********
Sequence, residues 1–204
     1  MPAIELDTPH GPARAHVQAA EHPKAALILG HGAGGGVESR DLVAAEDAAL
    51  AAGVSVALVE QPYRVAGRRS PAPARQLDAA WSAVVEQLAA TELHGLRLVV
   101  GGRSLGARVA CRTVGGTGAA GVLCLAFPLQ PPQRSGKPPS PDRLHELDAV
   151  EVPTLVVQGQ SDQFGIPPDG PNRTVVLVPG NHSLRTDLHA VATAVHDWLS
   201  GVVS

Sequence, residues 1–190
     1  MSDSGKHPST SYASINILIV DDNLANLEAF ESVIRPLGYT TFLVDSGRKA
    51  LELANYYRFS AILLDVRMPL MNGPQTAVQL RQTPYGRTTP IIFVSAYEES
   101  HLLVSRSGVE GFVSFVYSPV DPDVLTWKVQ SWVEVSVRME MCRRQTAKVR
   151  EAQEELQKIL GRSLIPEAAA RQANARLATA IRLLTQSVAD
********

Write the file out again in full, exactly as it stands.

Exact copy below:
Sequence, residues 1–204
     1  MPAIELDTPH GPARAHVQAA EHPKAALILG HGAGGGVESR DLVAAEDAAL
    51  AAGVSVALVE QPYRVAGRRS PAPARQLDAA WSAVVEQLAA TELHGLRLVV
   101  GGRSLGARVA CRTVGGTGAA GVLCLAFPLQ PPQRSGKPPS PDRLHELDAV
   151  EVPTLVVQGQ SDQFGIPPDG PNRTVVLVPG NHSLRTDLHA VATAVHDWLS
   201  GVVS

Sequence, residues 1–190
     1  MSDSGKHPST SYASINILIV DDNLANLEAF ESVIRPLGYT TFLVDSGRKA
    51  LELANYYRFS AILLDVRMPL MNGPQTAVQL RQTPYGRTTP IIFVSAYEES
   101  HLLVSRSGVE GFVSFVYSPV DPDVLTWKVQ SWVEVSVRME MCRRQTAKVR
   151  EAQEELQKIL GRSLIPEAAA RQANARLATA IRLLTQSVAD